Boutaris’s third experience, begun in 1988, is the revival of Nymphaion, the declining 16th century ancestral village of the Boutaris family in the mountainous northwestern part of Greece, through mountain tourism, because of the exceptional natural beauty of its surroundings and the marvelous and original architecture characteristic of the area.
These actions gave him great satisfaction, says Boutaris, because “beyond the results of the work itself, my three children have actively taken over with the same perceptions as mine.”
In 1996, Boutaris retired from his seat in the Boutaris Company, which in the meantime had become a publicly registered company that entered beer brewing and distribution of wines and liquors, to manage two large vineyards, one in Gianakochori, Naousa, for red wines, and the other in Amyntaio for white wines.
Boutaris noted that for centuries, characteristic of the economy in Greece and the Mediterranean, wine had been a staple – an inseparable fact – of daily life and nutritional habits. Spain, Portugal, Italy, and France, however, had the good fortune of not being situated within the Ottoman Empire. But Greece, as it suffered wars, crop blights and then more wars, became an anonymous wine supplier in the large consumer centers, bringing about a lack of self confidence in the Greek wine market. “The beginning of the 1970s, however, was a new era in which Greece began to promote its wines, not only as a main source for creating wealth, but also as a measure of its culture.”
Today, on the international level, said Boutaris, the countries that are traditionally considered to be wine-producing countries, where the relationship between winemaking and consumption evolved steadily, are experiencing changing lifestyles, resulting with a lessening of wine consumption.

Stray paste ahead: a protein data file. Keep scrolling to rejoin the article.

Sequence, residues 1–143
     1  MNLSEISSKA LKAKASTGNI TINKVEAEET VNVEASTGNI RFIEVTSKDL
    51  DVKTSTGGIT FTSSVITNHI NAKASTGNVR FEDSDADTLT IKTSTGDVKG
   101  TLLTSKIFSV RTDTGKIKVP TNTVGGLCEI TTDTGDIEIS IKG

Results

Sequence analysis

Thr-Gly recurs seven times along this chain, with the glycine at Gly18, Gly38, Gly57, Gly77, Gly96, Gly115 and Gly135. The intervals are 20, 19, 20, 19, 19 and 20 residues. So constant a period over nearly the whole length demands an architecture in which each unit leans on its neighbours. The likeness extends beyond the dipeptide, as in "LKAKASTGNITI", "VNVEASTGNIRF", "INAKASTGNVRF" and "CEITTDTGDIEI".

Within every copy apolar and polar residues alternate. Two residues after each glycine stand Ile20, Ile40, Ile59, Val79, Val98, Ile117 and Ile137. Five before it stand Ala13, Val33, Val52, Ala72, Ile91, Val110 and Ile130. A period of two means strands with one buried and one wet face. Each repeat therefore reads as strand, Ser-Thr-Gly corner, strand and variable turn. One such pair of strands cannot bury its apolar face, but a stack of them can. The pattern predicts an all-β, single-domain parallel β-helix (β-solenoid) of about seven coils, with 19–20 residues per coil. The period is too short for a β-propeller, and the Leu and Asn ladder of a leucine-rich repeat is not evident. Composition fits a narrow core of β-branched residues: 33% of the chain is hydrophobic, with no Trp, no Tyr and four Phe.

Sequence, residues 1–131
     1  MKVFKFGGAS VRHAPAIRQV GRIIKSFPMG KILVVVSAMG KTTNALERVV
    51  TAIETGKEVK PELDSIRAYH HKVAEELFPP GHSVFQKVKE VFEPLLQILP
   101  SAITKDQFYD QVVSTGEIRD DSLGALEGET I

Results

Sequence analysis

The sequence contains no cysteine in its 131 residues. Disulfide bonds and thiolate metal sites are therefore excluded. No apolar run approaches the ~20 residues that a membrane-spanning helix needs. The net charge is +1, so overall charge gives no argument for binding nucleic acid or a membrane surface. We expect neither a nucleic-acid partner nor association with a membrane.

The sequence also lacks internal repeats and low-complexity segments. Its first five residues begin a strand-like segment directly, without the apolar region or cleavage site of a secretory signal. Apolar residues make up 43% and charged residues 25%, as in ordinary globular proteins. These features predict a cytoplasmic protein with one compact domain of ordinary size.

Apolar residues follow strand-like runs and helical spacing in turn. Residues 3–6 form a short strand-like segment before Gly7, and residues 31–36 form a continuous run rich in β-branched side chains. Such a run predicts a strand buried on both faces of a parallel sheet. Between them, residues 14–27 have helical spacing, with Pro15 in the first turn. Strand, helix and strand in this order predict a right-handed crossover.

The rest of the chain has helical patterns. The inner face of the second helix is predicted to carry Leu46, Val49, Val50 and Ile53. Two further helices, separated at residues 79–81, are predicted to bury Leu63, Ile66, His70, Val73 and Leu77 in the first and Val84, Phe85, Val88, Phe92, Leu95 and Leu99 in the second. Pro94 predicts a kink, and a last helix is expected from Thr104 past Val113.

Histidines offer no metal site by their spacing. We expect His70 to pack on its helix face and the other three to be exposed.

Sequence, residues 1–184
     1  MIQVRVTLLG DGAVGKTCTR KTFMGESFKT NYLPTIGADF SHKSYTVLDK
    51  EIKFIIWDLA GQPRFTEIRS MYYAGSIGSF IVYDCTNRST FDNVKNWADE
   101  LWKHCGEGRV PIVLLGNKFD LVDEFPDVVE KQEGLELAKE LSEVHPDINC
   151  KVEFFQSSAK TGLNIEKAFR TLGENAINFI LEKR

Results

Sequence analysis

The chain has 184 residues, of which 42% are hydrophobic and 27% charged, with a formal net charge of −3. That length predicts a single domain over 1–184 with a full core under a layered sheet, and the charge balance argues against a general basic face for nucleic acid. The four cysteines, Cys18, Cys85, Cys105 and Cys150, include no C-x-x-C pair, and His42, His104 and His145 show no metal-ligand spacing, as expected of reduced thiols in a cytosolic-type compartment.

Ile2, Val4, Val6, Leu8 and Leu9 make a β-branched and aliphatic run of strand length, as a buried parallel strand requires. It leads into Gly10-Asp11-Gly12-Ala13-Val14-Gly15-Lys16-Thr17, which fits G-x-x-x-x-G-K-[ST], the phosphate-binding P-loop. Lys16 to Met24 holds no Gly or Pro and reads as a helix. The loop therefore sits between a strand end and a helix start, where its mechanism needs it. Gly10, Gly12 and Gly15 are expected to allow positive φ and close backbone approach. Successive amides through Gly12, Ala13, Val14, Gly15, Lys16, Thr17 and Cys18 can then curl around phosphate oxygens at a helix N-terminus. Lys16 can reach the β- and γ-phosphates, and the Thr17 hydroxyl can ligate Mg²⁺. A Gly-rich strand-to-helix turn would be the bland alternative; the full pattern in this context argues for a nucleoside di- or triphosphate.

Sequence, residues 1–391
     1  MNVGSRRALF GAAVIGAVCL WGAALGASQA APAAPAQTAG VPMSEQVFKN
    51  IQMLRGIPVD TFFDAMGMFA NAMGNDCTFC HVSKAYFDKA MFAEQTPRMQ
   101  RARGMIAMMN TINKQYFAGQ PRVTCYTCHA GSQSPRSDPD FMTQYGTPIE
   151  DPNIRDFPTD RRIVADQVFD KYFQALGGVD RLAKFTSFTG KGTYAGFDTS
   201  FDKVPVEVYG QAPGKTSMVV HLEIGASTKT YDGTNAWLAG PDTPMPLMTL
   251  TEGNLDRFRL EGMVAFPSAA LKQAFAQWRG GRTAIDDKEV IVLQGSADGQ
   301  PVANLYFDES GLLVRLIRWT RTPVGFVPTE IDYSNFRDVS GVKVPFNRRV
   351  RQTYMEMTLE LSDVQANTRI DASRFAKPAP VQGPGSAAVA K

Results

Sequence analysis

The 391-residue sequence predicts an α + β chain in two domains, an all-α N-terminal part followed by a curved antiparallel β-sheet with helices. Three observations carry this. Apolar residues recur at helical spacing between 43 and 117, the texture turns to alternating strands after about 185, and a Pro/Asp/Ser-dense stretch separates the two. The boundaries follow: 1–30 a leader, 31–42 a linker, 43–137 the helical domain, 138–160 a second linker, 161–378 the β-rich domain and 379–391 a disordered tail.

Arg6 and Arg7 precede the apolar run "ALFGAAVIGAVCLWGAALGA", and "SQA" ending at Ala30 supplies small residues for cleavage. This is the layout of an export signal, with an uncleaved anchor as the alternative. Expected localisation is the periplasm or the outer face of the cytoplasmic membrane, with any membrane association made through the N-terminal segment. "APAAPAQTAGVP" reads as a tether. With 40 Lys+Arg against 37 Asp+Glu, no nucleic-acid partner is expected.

However, the countries that traditionally consume but do not produce wine, such as northern Europe, there is an increase in the consumption of wine, and in the United States, Australia, South America, and South Africa, where wine has become a status symbol, and in these situations, Greece’s “less” is considered to be more.
“Our relationship with the environment, with earth, is beginning to take on other dimensions, said Boutaris, who was educated as a chemist enologue, “a child of technology”. “Nature leans towards self regulation, self reliance; the same is not the case in regard to technology. Technology does not recognize any principle of self restriction regarding size, consequently, it does not have the virtues of balancing and self reliance.”
However, he noted, realizing this concern, the developed countries are beginning to slowly set up rules regarding our conduct towards the environment as well as the natural resources. “Rules are made to prevent – and not to repair – a catastrophe. We begin to realize how even the concept of environment is changing. The first few years of concern we understood nature as a picturesque image of greenery. Things are dramatically different now.”
Progress cannot be turned back, stated Boutaris, “but we can use what we have learned in our years on earth with more thought and awareness.”